Following in the footsteps of Erin Brockovich and Spotlight, it is easy to predict that critics will love a story taking down the powerful. In this case, they couldn’t be more correct. Rare is a lawyer movie particularly interesting to me. Rarer still is a movie that portrays the legal system with some accuracy. Rarest is the movie that so riles the senses that you demand that someone go to prison. Dark Waters is such a film. Taking few liberties, Slate tells us that the flick is mostly accurate. Not as fun as Ford v Ferrari, this may be the best movie of the season thus far. I give Dark Waters 4.5 Gavels and it receives a 92% Rotten Tomatoes rating with a 96% Audience score.
The EPA begins regulating chemicals in 1976. Years before, DuPont dumps chemical residues used to make Teflon into the Parkersburg water supply. Their own chemists warn of the dangers but DuPont tells no one. No one complains until a farmer loses 190 cows. He must travel to Cincinnati to find his knight in . . a black suit.
Mark Ruffalo is that “knight” in a performance with little range because lawyer Robert Bilott was, apparently, an unassuming guy. Anne Hathaway, sometimes barely recognizable as his wife, expresses the emotions for both of them. Bill Camp should receive a Best Supporting Actor nomination for his part as the farmer who starts it all.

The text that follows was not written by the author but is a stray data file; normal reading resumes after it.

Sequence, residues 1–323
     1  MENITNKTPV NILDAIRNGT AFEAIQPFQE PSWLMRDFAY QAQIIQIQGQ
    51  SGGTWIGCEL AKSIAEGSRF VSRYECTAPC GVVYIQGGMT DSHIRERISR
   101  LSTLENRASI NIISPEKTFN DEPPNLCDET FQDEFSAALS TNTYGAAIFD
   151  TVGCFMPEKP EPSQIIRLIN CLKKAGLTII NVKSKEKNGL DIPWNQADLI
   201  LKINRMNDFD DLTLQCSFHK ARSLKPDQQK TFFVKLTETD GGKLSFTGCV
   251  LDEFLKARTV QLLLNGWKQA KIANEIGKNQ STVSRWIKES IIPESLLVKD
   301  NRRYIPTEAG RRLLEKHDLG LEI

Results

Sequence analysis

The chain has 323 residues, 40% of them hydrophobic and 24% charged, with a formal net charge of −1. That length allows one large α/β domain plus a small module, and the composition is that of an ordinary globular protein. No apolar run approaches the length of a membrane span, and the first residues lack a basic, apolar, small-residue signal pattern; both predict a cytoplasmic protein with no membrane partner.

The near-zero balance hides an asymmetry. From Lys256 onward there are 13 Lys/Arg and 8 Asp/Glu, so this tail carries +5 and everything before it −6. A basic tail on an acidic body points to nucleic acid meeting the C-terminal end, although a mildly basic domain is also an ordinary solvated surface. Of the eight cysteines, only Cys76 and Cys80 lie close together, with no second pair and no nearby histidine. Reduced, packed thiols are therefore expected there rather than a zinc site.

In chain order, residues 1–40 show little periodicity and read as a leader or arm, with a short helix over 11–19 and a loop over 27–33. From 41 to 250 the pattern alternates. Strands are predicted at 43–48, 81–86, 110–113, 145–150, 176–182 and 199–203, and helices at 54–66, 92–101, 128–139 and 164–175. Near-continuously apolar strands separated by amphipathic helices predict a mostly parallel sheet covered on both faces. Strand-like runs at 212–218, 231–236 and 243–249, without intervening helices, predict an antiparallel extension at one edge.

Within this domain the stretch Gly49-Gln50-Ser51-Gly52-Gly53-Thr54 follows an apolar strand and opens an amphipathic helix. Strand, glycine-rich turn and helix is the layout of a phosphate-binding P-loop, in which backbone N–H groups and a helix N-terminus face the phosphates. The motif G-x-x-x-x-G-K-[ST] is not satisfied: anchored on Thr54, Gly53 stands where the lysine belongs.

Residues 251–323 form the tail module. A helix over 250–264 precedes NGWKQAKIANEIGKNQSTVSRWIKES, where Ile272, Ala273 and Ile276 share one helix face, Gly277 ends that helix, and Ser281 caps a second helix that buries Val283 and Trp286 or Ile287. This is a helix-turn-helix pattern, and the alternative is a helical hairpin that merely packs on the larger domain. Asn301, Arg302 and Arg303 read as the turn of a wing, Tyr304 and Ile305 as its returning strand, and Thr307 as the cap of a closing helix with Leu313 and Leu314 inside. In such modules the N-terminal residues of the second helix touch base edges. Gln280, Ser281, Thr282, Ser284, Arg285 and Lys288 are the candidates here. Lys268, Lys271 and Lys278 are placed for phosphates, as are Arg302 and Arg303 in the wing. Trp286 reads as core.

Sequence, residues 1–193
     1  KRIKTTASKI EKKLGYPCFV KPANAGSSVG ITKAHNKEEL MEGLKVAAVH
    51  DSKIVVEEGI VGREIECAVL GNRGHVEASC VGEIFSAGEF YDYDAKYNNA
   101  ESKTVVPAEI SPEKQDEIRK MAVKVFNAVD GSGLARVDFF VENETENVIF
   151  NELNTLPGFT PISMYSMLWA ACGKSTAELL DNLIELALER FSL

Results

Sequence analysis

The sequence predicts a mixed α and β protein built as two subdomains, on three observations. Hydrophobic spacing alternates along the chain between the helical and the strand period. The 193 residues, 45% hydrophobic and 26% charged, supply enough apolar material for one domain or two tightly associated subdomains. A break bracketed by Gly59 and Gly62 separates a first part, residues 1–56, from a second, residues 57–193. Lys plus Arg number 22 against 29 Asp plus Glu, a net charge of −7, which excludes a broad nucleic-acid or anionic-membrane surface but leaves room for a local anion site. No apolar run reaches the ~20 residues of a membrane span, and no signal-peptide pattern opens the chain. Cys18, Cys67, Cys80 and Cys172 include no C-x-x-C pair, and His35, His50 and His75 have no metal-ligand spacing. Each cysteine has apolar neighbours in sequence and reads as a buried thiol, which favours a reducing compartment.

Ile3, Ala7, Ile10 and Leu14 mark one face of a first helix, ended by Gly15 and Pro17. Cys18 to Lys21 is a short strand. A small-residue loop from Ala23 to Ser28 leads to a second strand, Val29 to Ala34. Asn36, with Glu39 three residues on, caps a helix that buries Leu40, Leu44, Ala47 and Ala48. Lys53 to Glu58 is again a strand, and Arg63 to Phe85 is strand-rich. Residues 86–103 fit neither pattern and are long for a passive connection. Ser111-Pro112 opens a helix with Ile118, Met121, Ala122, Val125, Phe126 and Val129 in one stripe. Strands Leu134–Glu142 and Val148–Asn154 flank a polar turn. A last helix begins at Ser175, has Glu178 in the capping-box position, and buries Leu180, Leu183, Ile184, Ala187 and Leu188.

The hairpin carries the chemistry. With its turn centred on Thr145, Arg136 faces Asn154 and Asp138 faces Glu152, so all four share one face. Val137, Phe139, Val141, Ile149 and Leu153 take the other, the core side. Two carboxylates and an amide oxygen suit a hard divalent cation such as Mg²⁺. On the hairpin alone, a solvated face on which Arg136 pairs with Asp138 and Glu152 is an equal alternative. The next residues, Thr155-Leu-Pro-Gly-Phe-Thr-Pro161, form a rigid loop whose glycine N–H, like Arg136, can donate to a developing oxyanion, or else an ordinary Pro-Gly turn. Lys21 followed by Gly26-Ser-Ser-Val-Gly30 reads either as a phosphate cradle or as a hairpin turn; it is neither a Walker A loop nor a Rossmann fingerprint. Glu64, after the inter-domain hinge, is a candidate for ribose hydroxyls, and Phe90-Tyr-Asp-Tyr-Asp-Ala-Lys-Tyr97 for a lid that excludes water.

After seeing this movie, how many people will Google “is Teflon safe?” Who knew that discovery and depositions could be so riveting? My only complaint is that, consistent with its theme, Dark Waters is filmed in a grayish tone, especially noticeable after seeing bright colored Playmobil. The film opens in 1975, then jumps to 1998 and follows years of litigation. So, how does it hold your attention? Simply, it is one darn good story! As the critic for the San Francisco Chronicle says, “the brilliance of ‘Dark Waters‘ is that it is able to lay out the case against DuPont without getting too wonky.” The critic for the Arkansas Democrat-Gazette writes “the film’s relatively strict adherence to the facts, rather than Hollywood award-bait hokum, makes it something close to essential viewing.” I wholeheartedly agree.